CORVALLIS, Ore. – Stellar speakers, inspiration and new friends await gardeners attending the Growing Gardens conference July 13-14 at Linfield College in McMinnville.
The event, presented by the Oregon Master Gardner Association in cooperation with Oregon State University Extension Service, was formerly known as Mini College.
A wide range of speakers are in store, including Thursday’s keynote speaker Philip Mote, who will talk about what climate change means for gardeners. Mote is director of the Oregon Climate Change Research Institute and professor in OSU’s College of Earth, Ocean and Atmospheric Sciences.
On Friday Gail Langellotto, statewide coordinator of the OSU Extension Service Master Gardener program, will share a vision for the role of gardening in environmental sustainability and public health.
In 38 sessions – yes, you have to pick – you’ll learn about everything from orchids and plant identification to dwarf conifers and rain gardens. Some are hands-on workshops, including building a birdhouse and creating table centerpieces. There are four tours to choose from as well. Check out the OMGA website for a full listing of classes as well as bios of each speaker.
Registration is open and starts at $96 for the two-day conference with extra costs for breakfasts, banquet, tours and workshops. You can go to just one day for a reduced price. Dorm housing is available on campus.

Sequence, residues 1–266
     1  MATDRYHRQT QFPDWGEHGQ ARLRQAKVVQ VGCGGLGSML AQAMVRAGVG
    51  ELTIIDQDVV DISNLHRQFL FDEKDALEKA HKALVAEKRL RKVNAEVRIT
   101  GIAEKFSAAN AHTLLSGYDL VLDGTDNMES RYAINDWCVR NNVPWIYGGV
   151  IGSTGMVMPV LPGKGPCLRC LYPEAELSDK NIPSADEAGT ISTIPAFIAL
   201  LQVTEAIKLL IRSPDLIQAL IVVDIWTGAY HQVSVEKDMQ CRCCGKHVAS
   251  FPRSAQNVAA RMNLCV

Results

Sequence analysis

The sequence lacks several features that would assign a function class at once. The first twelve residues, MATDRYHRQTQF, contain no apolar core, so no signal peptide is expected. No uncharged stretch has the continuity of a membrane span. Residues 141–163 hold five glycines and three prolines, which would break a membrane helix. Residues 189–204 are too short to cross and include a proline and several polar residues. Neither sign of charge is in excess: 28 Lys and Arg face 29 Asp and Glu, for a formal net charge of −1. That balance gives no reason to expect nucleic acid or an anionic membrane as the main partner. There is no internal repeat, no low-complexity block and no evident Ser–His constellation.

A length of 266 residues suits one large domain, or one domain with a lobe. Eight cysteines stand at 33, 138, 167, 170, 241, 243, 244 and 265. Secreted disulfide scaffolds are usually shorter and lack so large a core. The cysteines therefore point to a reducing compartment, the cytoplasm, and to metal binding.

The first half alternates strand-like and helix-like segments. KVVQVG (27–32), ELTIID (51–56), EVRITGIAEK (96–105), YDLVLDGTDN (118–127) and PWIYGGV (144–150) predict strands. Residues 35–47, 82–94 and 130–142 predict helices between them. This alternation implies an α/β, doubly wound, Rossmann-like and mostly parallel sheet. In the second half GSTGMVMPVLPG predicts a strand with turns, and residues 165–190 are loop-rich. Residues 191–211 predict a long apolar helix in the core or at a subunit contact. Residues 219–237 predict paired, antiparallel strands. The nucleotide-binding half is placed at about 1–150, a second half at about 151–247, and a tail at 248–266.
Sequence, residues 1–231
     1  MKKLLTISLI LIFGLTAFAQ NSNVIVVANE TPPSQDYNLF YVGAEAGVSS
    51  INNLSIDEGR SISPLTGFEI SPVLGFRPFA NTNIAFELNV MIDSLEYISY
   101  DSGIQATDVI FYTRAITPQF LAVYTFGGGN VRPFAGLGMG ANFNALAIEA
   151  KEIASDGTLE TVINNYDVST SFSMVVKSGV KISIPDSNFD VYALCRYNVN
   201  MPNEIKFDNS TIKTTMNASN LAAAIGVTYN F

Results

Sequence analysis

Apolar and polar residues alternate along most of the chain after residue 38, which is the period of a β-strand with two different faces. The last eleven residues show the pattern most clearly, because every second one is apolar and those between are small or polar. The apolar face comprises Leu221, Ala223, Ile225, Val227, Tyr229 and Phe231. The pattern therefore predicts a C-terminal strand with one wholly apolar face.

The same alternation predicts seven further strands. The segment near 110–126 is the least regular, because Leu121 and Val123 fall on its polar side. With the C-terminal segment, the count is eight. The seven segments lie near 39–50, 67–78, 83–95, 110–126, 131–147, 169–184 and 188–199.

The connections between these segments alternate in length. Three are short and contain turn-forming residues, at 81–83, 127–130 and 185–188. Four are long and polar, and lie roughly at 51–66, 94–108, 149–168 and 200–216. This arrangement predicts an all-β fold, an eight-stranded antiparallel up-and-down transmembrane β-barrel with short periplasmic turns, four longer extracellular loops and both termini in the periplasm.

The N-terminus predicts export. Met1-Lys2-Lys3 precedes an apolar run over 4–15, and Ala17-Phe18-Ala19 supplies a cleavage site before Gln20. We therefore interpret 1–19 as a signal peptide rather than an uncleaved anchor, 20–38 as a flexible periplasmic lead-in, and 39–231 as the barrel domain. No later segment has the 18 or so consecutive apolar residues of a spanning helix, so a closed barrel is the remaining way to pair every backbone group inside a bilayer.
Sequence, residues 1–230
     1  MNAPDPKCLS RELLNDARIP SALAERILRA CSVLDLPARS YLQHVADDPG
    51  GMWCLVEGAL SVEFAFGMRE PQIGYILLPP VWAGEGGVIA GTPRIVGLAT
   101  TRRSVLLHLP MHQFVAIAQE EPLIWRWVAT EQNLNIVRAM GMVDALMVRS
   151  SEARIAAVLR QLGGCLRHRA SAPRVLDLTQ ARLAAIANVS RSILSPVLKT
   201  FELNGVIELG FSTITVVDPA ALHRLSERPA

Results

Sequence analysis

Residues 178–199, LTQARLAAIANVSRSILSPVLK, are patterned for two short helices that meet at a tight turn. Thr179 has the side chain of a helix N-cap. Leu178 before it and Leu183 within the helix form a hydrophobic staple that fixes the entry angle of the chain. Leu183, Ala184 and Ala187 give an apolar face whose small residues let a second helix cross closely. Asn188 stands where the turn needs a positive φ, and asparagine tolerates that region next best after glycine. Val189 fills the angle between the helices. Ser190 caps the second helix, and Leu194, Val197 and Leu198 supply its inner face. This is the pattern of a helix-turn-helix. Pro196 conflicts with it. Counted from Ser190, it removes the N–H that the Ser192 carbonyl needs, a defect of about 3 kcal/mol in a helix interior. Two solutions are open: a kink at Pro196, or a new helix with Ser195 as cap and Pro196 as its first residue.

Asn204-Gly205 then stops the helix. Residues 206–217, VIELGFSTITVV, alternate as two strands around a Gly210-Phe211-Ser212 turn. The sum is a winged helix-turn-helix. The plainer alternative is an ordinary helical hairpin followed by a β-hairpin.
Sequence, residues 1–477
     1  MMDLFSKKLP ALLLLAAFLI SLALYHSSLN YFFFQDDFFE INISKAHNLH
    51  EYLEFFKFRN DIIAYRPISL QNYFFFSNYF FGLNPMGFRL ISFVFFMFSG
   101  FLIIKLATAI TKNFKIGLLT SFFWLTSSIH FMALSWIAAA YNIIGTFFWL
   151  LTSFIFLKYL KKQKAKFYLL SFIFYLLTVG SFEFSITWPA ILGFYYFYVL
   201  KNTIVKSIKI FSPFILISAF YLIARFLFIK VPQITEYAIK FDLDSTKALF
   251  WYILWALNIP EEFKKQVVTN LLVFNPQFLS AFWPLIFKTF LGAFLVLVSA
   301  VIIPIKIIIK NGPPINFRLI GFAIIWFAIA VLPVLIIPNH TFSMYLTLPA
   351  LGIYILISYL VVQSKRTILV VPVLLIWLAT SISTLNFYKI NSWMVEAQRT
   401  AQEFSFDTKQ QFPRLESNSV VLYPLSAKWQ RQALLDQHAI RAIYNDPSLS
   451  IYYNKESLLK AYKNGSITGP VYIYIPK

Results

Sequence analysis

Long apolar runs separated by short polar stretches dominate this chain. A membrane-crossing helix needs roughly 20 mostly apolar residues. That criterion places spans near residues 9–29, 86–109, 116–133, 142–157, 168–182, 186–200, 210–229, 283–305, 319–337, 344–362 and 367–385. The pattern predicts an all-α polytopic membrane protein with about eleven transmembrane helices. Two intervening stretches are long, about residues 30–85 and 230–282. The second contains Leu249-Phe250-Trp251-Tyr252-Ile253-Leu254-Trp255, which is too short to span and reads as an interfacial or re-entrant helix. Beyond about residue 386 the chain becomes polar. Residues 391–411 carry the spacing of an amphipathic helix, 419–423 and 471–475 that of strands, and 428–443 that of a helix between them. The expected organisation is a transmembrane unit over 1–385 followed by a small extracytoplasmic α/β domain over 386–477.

“The Growing Gardeners conference is a fantastic opportunity to learn from Oregon State faculty, and other experts in the field of sustainable gardening,” said Langellotto, professor in the Department of Horticulture. “The venue is relaxed and welcoming. The class offerings are diverse. There really is something for everyone.”
About the OSU Extension Service: The Oregon State University Extension Service shares research-based knowledge with people and communities in Oregon’s 36 counties. OSU Extension addresses issues that matter to urban and rural Oregonians. OSU Extension’s partnerships and programs contribute to a healthy, prosperous and sustainable future for Oregon.
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